The mountain in the middle above is the same one you saw previously that had the piece broken away. We were glad when Larry and Carolyn showed up; much like other good friends, they are great traveling partners; it is the practice of both of us couples to decide what we wish to do each day and, if it sounds mutually interesting, we go together; if not, we do our own thing. It's an easy-going way to travel together--maximum honesty and minimal pressure. We could say the same about other wonderful RVing friends, and we wished they were all with us!

*     *    *

Buffalo Bill Cody, obviously, is a big deal here in the town that bears his name. I must confess that I was about as ignorant of his incredible life story that anyone could be. This is partly because I have never been terribly interested in the "cowboy and Indian" aspect of our country's history. My focus has mainly been in the World War II era, perhaps because my father and most of my uncles served in that conflict. That may have been a little short-sighted, as I seem to have a regrettable knowledge deficit about this colorful and important part of our nation's history--the taming of the West and the associated fierce struggles involved. All you would want to experience of this time period is brought to light in this little western town of 10,000, rightly named the "rodeo capital of the world," due to its having a rodeo--believe it or not--every night of the year:

Although you can easily obtain his life story from the Internet, it is safe to say that Buffalo Bill Cody lived a varied and exciting existence, achieving recognition for his bravery and skill in hunting, scouting and fighting that led to his service to the U. S. Army as a scout and hunter of buffalo (some 4,300 killed, it is said) to help feed the troops during the Indian wars. He later became a wealthy showman, taking his large western show--featuring mock battles between cowboys and Indians--all over the U. S. and even to Europe, where he became friends with Queen Victoria. He built the grandest hotel in Cody--the Irma, named after one of his daughters. It is still standing today and is the site of a daily western show with a mock gunfight. There is a photo above of the front entrance of the hotel.

There are many statues of Cody, of course. Here are two of them:


I don't see any evidence of any of the Antifa or BLM scumbags coming around here with the idea of  tearing down these statues. I'm fairly sure the gun-toting locals would bring a harsh and quick end to any such effort. 

Cody's wild west show was an enormous hit in the late 1800s. When performing in England, as did his contemporary P. T. Barnum and his circus, Cody's show was four times larger, with similarly larger attendances of enthusiastic crowds; there was standing room only, and even the reclusive Queen Victoria attended. The show consisted mostly of mock Indian attacks on settlers, cabins and stagecoaches, with the soldiers coming to the rescue and, ultimately, attaining the victory, amid much gunfire, both sides being in full costume. The normally reserved Britons were wildly enthusiastic, never having seen an Indian or the kinds of conflicts carried out between them and the American settlers, about which they had heard so much.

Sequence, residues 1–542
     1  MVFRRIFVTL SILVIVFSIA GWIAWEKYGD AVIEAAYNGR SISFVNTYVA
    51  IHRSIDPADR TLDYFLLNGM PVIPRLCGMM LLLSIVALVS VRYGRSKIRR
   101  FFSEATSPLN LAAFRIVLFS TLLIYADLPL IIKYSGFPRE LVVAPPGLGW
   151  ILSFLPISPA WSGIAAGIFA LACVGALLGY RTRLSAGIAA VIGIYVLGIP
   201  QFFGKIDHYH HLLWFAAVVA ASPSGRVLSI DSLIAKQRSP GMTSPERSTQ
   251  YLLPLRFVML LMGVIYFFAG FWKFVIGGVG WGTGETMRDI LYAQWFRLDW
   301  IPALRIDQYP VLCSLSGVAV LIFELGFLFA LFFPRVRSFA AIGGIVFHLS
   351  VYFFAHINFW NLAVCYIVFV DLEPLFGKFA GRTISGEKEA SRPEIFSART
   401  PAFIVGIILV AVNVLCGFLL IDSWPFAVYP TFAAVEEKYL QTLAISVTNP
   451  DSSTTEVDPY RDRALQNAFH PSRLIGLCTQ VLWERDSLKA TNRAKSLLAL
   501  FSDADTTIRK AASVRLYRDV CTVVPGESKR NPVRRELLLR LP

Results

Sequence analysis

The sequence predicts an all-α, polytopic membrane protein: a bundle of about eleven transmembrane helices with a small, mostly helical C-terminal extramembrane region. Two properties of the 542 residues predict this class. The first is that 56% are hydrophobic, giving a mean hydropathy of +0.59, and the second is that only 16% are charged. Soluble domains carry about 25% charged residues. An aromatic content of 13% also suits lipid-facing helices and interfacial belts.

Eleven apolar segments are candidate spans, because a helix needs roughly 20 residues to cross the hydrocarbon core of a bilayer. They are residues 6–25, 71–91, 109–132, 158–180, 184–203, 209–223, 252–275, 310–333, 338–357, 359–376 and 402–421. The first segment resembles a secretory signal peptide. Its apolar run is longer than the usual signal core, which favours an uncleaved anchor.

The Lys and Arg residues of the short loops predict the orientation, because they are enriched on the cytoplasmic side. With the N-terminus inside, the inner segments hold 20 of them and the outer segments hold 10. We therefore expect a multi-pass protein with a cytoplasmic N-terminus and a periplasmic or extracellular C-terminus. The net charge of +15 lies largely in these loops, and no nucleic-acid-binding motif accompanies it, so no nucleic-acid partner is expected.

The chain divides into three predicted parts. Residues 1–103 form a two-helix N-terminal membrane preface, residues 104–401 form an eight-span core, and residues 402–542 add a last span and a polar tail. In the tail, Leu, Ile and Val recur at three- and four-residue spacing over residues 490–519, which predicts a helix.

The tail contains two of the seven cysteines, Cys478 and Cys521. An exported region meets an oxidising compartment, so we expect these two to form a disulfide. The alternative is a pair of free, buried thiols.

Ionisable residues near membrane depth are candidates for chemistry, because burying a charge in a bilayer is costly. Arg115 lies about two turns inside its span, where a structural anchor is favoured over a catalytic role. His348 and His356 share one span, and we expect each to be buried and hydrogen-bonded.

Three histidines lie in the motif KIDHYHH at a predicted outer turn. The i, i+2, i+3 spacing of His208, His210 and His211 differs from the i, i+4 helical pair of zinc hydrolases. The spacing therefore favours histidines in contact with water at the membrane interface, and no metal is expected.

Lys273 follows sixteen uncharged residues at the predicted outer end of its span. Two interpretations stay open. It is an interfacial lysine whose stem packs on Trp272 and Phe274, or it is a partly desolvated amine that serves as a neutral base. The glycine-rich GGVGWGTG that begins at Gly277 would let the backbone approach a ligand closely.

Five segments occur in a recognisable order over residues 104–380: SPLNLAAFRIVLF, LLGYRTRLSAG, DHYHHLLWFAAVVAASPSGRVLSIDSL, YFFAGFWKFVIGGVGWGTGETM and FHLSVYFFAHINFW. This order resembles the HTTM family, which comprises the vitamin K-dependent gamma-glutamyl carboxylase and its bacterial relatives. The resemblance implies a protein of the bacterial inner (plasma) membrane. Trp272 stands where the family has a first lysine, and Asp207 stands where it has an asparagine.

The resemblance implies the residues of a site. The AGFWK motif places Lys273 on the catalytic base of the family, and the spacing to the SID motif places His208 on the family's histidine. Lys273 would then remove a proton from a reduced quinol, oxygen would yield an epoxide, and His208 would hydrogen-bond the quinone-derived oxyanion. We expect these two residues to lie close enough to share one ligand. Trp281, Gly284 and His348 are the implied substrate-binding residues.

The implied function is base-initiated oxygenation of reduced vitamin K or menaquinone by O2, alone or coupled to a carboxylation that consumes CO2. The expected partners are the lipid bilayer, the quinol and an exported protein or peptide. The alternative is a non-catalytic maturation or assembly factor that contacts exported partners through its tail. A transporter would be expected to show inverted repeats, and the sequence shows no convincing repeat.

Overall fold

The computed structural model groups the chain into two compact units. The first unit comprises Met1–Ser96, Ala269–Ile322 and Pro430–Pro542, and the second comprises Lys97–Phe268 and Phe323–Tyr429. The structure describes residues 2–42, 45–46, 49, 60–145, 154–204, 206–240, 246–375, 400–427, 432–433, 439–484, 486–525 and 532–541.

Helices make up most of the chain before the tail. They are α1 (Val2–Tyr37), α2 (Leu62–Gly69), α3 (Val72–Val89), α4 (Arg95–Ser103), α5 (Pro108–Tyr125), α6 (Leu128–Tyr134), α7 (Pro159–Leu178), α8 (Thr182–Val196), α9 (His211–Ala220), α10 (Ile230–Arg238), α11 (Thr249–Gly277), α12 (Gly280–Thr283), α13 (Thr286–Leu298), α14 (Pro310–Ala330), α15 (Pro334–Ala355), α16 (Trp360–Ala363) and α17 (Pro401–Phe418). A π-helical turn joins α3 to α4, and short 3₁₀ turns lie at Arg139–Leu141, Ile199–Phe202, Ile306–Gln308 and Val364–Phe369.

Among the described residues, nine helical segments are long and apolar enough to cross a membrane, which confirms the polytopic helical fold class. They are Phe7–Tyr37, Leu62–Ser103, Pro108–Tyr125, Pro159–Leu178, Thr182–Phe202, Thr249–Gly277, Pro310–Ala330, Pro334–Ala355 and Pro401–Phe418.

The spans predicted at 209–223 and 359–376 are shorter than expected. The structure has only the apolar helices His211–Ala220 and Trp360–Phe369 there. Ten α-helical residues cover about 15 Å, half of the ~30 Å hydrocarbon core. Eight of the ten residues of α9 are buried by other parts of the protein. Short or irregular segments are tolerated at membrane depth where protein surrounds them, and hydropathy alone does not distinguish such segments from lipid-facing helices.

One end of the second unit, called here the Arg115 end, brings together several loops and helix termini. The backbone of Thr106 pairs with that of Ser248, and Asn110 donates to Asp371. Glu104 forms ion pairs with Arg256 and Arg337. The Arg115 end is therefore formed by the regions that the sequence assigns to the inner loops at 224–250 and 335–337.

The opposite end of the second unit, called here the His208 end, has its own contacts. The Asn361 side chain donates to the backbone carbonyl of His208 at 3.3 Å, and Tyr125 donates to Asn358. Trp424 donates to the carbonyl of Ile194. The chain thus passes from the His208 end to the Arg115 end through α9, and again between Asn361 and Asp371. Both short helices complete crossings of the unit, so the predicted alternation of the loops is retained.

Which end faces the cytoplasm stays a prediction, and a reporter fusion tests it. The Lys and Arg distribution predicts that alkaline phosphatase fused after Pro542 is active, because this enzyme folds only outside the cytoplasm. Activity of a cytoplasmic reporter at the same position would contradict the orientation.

Eventually, Queen Victoria and Cody became close friends--some say, uh, very close. She was sufficiently friendly toward him that she gifted him with the gorgeous antique bar that is still in use today in the Irma hotel:

 Cody's show played many times in England and in other European countries, attended by the likes of future Kaiser Wilhelm and future King George V. Cody pocketed a cool million dollars from his European shows--worth about $30 million today. He had become a true celebrity and acquired significant wealth from his endeavors. Unfortunately, his large show train was involved in a terrible accident in North Carolina in 1901, wherein 110 of his horses were killed. Thankfully, none of his human performers were killed, but Annie Oakley, who was aboard, was injured badly, which is thought to have contributed to her eventual slow decline and death.  

Pictured below is the Buffalo Bill Center of the West in downtown Cody. It is a large complex of five museums that present an exhaustive look at all aspects of the history of the western part of the country including, of course, much information about Buffalo Bill and his family. The photo below doesn't begin to show the vastness of the building, but it is said to be the largest museum in the western United States. 

This would be an educational and fun place for kids. They have a replica of a tepee, and an experienced chuck wagon cook prepares food over a fire as in the old west, offering samples to visitors.

Inside the museum you can see things such as a real chuck wagon, like this one. Additionally, there's the story of Bill Cody's life, wildlife of the region, the geology of the area, antique firearms, Indian culture and a western art museum. It is a true treasure trove of Western artifacts and history. More than a day would be required to see it all:

Sandy zeroed in on an old can of Lipton tea on the wagon. Those of you who know her and her irrational affinity for iced tea will understand her fascination that tea was available to the travelers of the old west. If the tin of tea in the photo below is authentic, it dates from sometime between 1907 and 1915. Funny the things that catch her attention...


If you've been reading this blog for a while, you know that I like to point out oddities along the roads we travel. There are two unusual things along the roadside on Highway 20 just a few miles from our RV park. The first one is a Shoney's Big Boy statue that stands in a field about a hundred yards from the highway. According to local lore, it just suddenly appeared there one day, and nobody knows where it came from or who placed it there. I'm guessing there's more to the story, but it is an odd thing to see in the middle of a farm field:

The other roadside oddity has an associated tragic story. This unusual house, which the owner was building alongside the highway, was supposed to consist of five floors. Unfortunately, while working on the house, he fell from the fifth floor to his death, and the house was never finished. It stands today as it did at the poor man's demise:

I hope you have enjoyed this part of our trip. There is much more to come; next on our list is Yellowstone National Park itself. 

Thank you, Lord, for this wonderful life;